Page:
Election Day is here, Duval County voter turnout rising

Mallory Pace, Government Reporter

Election Day is here, and Duval County’s unofficial voter turnout sits at 261,000, according to the Duval Supervisor of Elections website, but the number is rising each hour.

The Pablo Creek Public Library, precinct 312, has seen a constant flow of voters but saw a majority of its voters prior to Election Day with 1,825 people early voting and around 450 Election Day voters so far. Despite relatively high numbers, turnout for Duval County currently sits at just over 39% as of 12:30 p.m.

Midterm elections have historically seen low voter turnout, especially among young voters. However, the 2018 midterm election saw an unprecedented voter turnout in gender and racial diversity which resulted in the most diverse U.S. Congress in history

Candidate signs outside of the Pablo Creek Regional Library, precinct 312, which was open to voters on Election Day. (Mallory Pace)

Currently, Democrats have control over both the House and Senate. The stakes are high in this election because the results will determine whether Republicans will gain control over Congress and, in turn, dictate whether President Biden will be able to enact any meaningful legislation in the final two years of his presidency. 

In order to take control of Congress, Republicans need a net gain of five seats in the House and one seat in the Senate to win a majority in each chamber. 

Some of the tossup races predicted to play a significant role in the control over Congress come from the Arizona, Georgia, Nevada, Pennsylvania and Wisconsin Senate races, as well as Michigan, Nebraska and Pennsylvania House races.  

Politico Forecast predicts Republicans will take control over the House while the Senate remains a tossup. 

The hidden policies and issues the ballot contains also contribute to the high stakes of this election — the potential future of abortion rights after the U.S. Supreme Court overturned Roe v. Wade in June 2022, gun laws and regulation and the state of the economy as inflation soars.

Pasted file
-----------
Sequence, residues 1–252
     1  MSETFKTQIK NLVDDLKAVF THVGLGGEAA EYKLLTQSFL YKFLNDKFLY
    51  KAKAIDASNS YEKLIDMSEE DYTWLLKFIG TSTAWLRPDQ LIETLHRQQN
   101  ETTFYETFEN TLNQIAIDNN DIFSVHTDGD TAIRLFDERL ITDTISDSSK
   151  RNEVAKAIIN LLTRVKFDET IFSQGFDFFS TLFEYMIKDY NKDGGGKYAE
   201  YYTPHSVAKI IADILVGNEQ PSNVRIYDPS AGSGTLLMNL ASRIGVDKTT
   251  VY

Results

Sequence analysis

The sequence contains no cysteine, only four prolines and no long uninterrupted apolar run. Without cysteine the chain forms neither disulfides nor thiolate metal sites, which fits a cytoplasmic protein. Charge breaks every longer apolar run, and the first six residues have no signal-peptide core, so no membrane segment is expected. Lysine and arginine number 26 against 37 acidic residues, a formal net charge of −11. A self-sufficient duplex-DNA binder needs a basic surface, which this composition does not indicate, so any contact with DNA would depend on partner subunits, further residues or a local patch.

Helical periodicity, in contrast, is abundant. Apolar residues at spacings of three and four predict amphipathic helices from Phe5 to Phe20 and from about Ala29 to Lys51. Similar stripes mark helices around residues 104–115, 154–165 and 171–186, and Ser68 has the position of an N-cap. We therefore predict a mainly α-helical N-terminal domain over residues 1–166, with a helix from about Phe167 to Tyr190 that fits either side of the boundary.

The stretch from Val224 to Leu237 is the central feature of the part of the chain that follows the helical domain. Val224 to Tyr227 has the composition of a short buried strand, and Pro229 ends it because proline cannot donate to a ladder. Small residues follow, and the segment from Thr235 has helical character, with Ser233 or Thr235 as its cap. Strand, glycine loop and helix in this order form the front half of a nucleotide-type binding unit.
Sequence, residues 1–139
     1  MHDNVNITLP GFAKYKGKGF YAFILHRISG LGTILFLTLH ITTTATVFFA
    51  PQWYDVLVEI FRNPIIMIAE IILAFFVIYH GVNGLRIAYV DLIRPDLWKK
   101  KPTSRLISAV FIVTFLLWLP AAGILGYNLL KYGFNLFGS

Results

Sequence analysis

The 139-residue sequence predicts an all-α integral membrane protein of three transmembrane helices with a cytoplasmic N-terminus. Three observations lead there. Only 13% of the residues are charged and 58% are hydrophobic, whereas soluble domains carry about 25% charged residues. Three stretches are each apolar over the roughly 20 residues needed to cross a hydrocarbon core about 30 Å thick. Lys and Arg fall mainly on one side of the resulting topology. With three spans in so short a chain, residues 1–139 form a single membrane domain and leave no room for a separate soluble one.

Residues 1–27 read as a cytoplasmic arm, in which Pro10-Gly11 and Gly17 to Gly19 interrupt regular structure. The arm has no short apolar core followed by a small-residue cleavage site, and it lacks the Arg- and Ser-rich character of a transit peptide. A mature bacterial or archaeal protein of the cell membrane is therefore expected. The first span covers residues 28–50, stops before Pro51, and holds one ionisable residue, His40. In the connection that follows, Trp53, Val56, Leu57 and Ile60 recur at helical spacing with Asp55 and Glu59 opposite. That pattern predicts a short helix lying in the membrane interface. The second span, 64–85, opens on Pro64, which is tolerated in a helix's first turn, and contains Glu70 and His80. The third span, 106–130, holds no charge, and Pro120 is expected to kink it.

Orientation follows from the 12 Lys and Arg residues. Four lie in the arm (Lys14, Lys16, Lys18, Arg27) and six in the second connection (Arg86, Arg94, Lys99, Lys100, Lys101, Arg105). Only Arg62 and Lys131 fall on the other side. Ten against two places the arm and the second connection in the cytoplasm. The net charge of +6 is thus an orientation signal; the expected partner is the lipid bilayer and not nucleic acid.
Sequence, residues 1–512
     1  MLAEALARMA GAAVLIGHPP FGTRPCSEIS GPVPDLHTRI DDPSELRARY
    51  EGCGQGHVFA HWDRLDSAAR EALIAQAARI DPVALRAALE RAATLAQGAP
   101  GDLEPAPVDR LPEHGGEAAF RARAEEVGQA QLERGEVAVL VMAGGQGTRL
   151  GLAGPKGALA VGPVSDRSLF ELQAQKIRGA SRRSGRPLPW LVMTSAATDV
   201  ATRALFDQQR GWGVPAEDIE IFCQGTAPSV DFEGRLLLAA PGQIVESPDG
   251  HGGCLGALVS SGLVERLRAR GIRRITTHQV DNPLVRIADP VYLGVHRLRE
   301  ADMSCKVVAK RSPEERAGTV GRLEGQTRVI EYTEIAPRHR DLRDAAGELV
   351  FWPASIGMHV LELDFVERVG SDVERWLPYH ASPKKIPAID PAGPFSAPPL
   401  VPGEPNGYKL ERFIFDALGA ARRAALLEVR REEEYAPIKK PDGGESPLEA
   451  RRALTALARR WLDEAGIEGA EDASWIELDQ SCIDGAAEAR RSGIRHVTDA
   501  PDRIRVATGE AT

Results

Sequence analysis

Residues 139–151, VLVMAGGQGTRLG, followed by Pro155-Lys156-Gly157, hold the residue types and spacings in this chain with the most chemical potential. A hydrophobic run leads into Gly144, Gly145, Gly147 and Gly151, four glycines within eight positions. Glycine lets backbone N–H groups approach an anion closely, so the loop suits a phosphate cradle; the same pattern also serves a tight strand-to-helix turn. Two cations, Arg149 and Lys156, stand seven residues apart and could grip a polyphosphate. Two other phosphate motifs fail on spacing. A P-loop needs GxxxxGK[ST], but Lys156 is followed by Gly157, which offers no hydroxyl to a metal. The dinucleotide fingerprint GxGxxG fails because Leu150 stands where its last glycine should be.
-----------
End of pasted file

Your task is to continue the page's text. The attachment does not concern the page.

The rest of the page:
As for the 2022 midterms, motivation to vote among both parties is significantly high for a midterm election. 

A “Vote Here” sign inside the Pablo Creek Regional Library, precinct 312, on Election Day. (Mallory Pace)

A poll from Pew Research Center found 79% of Democrats and 80% of Republicans are extremely or very motivated to vote while 72% of Democrats and 76% of Republicans say it really matters which party wins control of Congress. 

Khris Giljam is a freshman at the University of North Florida (UNF) studying digital video production. A first-time voter, Giljam said they decided to vote in the midterm elections because it’s important to make your voice count. 

“A lot of people think voting is just a number and doesn’t really matter that much but the numbers add up,” they said.  

Hitting close to home, Giljam said LGBTQ rights are one of the most important issues to them when voting although they had a hard time finding specific information on candidates and where they stand on LGBTQ rights.  

Giljam said they voted in all races because it didn’t give them an option to not vote, however voters are not required to make a selection in every race on the ballot.  

The act of leaving one option blank on a ballot while filling out other options is commonly referred to as undervoting, according to Ballotpedia. Voters have the right to undervote if they choose to do so. 

UNF Senior and political science major Selah Jones attended UNF’s early voting event that offered transportation to students to the nearest early voting site.  

Mikayla Beaudrie, a University of North Florida English professor, worked with the faculty union and Intercultural Center to make early voting easy for students on Oct. 28. Students were invited to the Osprey Clubhouse for a pizza party where volunteers had information about early voting and, with funding from UFF, would shuttle them to an early voting site at the nearby Pablo Creek Regional Library. (Justin Nedrow)

Jones said she typically has a hard time accessing transportation to voting sites, so she took advantage of the opportunity UNF provided. 

One of the races that influenced Jones to vote was for Lakesha Burton for the Duval Sherriff’s Office because she attended some of Burton’s debates and liked the points she made. 

“I think not a lot of people pay attention to the midterm elections, they only vote when it’s for the president,” Jones said. “I think everyone should educate themselves and come out to vote when they can because it’s the little things that matter.”

Voting in Florida ends at 7 p.m. and results for races across the country will begin to trickle in shortly after. 


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